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I had the pleasure of recently running into Judy Greene from the Family Firm Institute at a meeting.  During our conversation I asked her if it’s still true that 30% of first generation businesses end up being transferred to the second generation. 

Her reply surprised me.  Instead of answering the question she gave me a completely different perspective to think about.  She said the way to think about my question is about family business formation, not just about the original family business.  This different perspective fits in with what I’ve been observing for the past several years.  It appears that children might not go into the family business, but that doesn’t mean they don’t go into any business. 

In fact many children of business owners do go into business, just in a different industry.  Parents don’t necessarily provide a business for their children; they provide the ability for their children to be in business.  This is providing me with a completely different thought process about family businesses.

Enter the family bank.

This is a concept I’ve talked about for years.  A family bank is where the family takes their wealth and provides a private venture capital fund.  The fund is used for two things. 

  • To provide funding for education for their children.
  • To provide a venture fund for starting new businesses by family members.

We might not want our children to join our business or our children might not want to join the business you run.  That doesn’t mean your children don’t want to be in any business.  If you have the ability and can put money aside as an economic development fund you are helping your children join the family business just not in your industry.

What having a family bank does for your family -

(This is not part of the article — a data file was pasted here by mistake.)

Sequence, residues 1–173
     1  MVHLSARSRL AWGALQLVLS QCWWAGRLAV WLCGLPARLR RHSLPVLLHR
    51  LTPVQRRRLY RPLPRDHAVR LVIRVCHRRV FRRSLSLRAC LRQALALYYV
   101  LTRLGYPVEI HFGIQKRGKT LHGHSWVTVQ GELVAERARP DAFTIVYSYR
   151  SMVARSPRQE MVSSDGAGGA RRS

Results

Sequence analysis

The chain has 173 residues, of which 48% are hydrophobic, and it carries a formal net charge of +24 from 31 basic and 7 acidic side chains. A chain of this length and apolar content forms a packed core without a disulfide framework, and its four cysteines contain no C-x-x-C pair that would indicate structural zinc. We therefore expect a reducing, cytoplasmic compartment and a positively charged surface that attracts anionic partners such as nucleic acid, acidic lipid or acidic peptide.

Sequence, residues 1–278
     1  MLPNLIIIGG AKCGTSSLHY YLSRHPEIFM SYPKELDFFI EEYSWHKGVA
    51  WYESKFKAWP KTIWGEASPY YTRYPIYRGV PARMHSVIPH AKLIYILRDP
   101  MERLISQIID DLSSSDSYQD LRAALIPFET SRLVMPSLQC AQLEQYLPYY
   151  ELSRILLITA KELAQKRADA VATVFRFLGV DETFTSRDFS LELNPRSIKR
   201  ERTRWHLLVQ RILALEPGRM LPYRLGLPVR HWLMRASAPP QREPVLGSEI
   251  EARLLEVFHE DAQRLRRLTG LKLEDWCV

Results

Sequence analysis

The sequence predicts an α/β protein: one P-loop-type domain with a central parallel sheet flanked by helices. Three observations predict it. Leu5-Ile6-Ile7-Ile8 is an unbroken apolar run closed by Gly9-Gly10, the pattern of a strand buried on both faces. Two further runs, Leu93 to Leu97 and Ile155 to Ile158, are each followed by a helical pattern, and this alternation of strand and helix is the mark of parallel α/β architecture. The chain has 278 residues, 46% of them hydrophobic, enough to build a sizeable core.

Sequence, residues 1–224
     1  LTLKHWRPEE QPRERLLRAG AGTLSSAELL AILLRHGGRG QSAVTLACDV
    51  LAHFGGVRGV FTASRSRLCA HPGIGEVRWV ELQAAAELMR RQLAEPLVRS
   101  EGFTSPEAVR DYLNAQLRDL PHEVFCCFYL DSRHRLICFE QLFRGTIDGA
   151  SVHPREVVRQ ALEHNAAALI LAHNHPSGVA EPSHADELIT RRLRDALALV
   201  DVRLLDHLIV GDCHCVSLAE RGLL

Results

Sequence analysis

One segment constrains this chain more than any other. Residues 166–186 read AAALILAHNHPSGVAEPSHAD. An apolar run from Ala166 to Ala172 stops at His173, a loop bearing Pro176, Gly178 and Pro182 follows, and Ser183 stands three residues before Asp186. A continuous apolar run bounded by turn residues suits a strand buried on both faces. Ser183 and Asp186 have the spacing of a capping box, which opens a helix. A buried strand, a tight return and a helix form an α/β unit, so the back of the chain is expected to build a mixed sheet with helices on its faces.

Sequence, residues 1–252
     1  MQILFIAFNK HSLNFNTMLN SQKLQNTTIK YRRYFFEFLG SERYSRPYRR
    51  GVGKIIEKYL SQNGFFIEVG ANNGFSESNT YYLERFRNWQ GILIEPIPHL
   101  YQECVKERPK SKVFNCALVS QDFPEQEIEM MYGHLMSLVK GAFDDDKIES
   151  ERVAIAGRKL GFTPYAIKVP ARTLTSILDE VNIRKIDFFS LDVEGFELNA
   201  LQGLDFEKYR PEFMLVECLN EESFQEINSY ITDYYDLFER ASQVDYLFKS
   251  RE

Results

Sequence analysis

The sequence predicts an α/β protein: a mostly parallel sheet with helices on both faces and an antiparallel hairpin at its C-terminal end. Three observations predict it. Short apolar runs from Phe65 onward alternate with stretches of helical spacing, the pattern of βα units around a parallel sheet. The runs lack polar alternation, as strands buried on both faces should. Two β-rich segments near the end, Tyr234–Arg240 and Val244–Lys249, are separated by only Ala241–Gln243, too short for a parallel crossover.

When you develop a family bank you are developing a method for teaching your children business and money skills.  You should have your children develop a business plan and present their idea to the board of the family bank.  This board is usually you, your spouse, any advisors you truly trust, and children that have financial savvy.

One of the things I hear from people like you on a regular basis is, “We want to have our children develop responsible money skills.”  If your children have the ability to be in their own business developing plans for a successful business will certainly help with that goal.

How does the funding work?

Funding from a family bank can be as simple as a straight loan or as complicated as your bank owning shares in the new company.  Your family bank is not likely to be a statutory bank.  This means that you can set the rules of how loans will be made and how they’ll be repaid to the bank.

The world of family business is changing.  It’s no longer just around the traditional family business.  Your children will likely be in business and there is a better and better chance it won’t be in your business.  How you help them become business owners is a developing field.

What do you think?  Does a family bank make sense to you?

Since there is a reasonable chance your children may not want to join you in your business it would be useful for you to understand the exit process.  We’ve written a special report on the 7 Steps to Leaving Your Business in Style.  To get this report, click on the button below.

Securities and Investment Advisory Services offered through NFP Securities, Inc. (NFPSI), Member FINRA/SIPC. Stage 2 Planning Partners and NFPSI are not affiliated.

This article is published for residents of the United States only.  Registered Representatives and Investment Adviser Representatives of NFP Securities, Inc. may only conduct business with residents of the states and jurisdictions in which they are properly registered.  Therefore, a response to a request for information may be delayed.  Not all of the products and services referenced on this site are available in every state and through every representative or advisor listed.

Topics: Family Business, personal value, Children

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